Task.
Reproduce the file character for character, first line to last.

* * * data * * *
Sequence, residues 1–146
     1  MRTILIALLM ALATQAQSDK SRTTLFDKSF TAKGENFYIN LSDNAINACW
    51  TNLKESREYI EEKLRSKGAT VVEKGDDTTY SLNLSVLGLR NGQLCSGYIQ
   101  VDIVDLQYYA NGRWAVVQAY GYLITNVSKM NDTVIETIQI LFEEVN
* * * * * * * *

Sequence, residues 1–146
     1  MRTILIALLM ALATQAQSDK SRTTLFDKSF TAKGENFYIN LSDNAINACW
    51  TNLKESREYI EEKLRSKGAT VVEKGDDTTY SLNLSVLGLR NGQLCSGYIQ
   101  VDIVDLQYYA NGRWAVVQAY GYLITNVSKM NDTVIETIQI LFEEVN